Tony Gallacher has already noticed the connections between himself and a certain Champions League-winning full-back.

A Liverpool left-back? Check. A bubbly Scot? Check. A background involving the lower leagues? Check. And a tireless work-rate? Full house. 

Gallacher, an U23s defender who joined from Falkirk in January 2018, doesn't need to look far for inspiration with Andy Robertson established as one of the best in the business. 

"Whenever I get the chance to go to Melwood, obviously I'm keeping a second eye just to watch what he does and try to copy him," the 20-year-old told "He's a quality player and he's shown that.

"I've only been up to Melwood a couple of times, but you can tell that no-one wouldn't get along with him. 

"He's got that personality about him that he's just a likeable guy. He's one of the louder ones in the changing room, I've heard!"

Read on below for our full chat with Gallacher about his first two years on Merseyside...

You were playing first-team football at Falkirk before leaving for Liverpool. Was that a hard decision to make after being there for so long? 

The hard part was probably just moving away from home. For me, the football was a no-brainer. The minute my agent phoned me saying, 'Liverpool are going to give you a trial' and then the minute they said they wanted to sign me, it was an easy answer. The only difficult part was leaving home. But after a month, if that, you settle in and you get used to your new surroundings.

What do you think you've improved on since arriving as an 18-year-old?

I'd say knowing the game positional-wise, knowing what position to be in at a certain time in a game and when to attack. Just general game management, I'd say – that's much more strict here. Then all of a sudden the press that Liverpool do is like no other team. It took me a few weeks to learn how intense it was, just to get used to it all. You sort of come into it like, 'Is this how we're really doing it for 90 minutes?' But that's why they are where they are right now – it works.

How did the move to Liverpool come about then? 

Initially I was meant to be going to Swansea on trial. I was literally getting set up for Swansea and then a day or two before my agent just called saying, 'Yeah, Liverpool have come in last minute giving you a trial, so we'll go with that one straight away'. It sort of happened really quick. I came in, trial and then on my way home on the train with my dad that's when I got told they wanted to give me a contract. Then a couple of days later I was down and moved into digs. It all happened in the blink of an eye.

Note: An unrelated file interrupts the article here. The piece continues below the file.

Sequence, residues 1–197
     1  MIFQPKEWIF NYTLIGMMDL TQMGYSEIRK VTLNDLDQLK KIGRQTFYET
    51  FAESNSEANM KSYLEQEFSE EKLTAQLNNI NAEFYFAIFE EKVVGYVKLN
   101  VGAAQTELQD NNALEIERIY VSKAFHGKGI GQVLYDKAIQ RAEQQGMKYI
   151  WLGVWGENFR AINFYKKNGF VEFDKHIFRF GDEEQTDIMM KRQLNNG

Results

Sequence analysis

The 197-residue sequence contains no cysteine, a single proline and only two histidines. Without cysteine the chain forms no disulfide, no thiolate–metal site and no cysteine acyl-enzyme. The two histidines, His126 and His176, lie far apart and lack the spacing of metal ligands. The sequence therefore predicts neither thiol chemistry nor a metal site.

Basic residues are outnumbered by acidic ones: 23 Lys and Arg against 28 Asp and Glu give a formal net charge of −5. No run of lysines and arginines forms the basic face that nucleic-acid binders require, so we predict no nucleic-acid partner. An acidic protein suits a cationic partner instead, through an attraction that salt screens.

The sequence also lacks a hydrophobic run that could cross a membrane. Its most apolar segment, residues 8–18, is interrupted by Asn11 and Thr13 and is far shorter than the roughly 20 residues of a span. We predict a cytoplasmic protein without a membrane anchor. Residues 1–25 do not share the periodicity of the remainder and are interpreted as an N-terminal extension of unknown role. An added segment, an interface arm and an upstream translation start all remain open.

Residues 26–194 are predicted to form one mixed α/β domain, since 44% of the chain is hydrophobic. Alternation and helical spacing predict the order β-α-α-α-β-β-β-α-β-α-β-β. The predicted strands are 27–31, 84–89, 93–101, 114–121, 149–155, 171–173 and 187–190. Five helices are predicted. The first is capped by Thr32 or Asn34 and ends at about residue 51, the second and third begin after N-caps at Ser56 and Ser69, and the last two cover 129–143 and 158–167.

And Kenny Dalglish was with you and your family on the day you signed...

They said, 'We've got a surprise for you'. And I was like, 'Alright, what's going on here?' We were just at the Academy and then he came in. He was just asking where we were from. At first, I was like, wow, I didn't realise he didn't lose any of his accent at all – not one bit! It was good because he's such a big name, King Kenny. Seeing him on the day, especially when the highs were so high, was great. And because he's Scottish it makes it that bit better. I was a bit starstruck, to be honest.

You've also played right-back and centre-back for the U23s this season. Just how important is it to be versatile as a youngster? 

It sort of came about this season really, I've never really played there before. I had a good run of games playing at right-back and my form actually got better. Over the Christmas period when I was playing there, it gave me that confidence at left-back and it felt easier again. Because on the other side you can't really look down the line, so you come inside more and it gives you that bit more confidence and getting involved. With players such as James Milner being able to just play anywhere, it is good to have [versatility] because that way you're not limited to where the coach can trust you. 

Now you've been at Melwood a few times, so what's that been like? 

Nervous! There's such big names there. Coming from where I've come from, you just talk about these players. You never really think you're going to be training with them at any point in your career. When I go up there, they make it easy for you because you obviously know who they are. You're going to be nervous and have your head down a bit and getting on with your business. But when you go up there, they're easy-going and make it easy for you. At the same time, if you're not going about it right then they'll make sure you know, which is good. They won't shy back from standards being as high as they're meant to be.

Does anything surprise you when you're there? 

You'd think in training maybe they'll just rest a bit here and there because of all the games they have – but it's nothing like that. The training standard is just as high as it is in a game. I think that's why they're able to go and do what they do over a consistent amount of games. Because they're training at such high standards, when they go into games it's no different and nothing changes. I think the standard and the drive comes from all the players – not just like Henderson the captain, Milner, Lallana as the more experienced ones, it comes from everyone.

You made your senior debut at Aston Villa in the League Cup quarter-finals, but what are your targets for the future?

That game was a once-in-a-lifetime situation where you wouldn't even think of it normally, you couldn't even guess that it would happen. I've made my debut for Liverpool and no-one can say I haven't. But I want to do my best to be given that chance and be trusted in a big game alongside other first-team players as such. But that night was unforgettable. I had my family down watching, some watching on the TV. It was great and I loved it.